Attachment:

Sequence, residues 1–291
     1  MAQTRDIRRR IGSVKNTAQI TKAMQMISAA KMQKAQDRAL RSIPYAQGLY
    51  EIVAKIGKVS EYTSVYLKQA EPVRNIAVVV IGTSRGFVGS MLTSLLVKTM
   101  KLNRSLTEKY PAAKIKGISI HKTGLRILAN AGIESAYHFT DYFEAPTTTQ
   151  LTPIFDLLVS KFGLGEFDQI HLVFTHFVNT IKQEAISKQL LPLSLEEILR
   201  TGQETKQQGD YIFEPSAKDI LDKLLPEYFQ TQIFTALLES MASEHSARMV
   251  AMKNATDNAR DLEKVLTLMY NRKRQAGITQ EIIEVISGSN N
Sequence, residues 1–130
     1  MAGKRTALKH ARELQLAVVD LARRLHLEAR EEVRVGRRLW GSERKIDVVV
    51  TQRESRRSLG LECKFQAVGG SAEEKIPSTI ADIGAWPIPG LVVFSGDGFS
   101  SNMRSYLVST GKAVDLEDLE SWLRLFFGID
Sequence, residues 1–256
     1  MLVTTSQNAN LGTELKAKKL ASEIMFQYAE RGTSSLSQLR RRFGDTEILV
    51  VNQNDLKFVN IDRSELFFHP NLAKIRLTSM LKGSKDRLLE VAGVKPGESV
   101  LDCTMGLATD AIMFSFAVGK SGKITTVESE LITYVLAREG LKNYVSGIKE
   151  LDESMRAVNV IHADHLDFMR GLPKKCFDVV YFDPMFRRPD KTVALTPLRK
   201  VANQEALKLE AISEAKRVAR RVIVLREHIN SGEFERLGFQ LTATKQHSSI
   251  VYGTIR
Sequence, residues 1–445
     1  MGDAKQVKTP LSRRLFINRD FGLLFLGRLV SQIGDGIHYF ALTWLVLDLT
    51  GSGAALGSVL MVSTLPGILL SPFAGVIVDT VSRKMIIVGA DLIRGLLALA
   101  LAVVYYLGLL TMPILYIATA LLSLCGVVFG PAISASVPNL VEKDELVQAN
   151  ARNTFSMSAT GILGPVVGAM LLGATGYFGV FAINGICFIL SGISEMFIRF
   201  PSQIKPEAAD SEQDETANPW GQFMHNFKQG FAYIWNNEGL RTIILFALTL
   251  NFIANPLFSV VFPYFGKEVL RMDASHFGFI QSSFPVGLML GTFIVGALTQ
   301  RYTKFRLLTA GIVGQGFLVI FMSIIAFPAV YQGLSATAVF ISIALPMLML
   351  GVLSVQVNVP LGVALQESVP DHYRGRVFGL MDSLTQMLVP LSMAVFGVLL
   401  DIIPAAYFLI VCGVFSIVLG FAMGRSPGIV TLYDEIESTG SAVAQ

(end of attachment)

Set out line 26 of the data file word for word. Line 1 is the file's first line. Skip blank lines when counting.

   301  RYTKFRLLTA GIVGQGFLVI FMSIIAFPAV YQGLSATAVF ISIALPMLML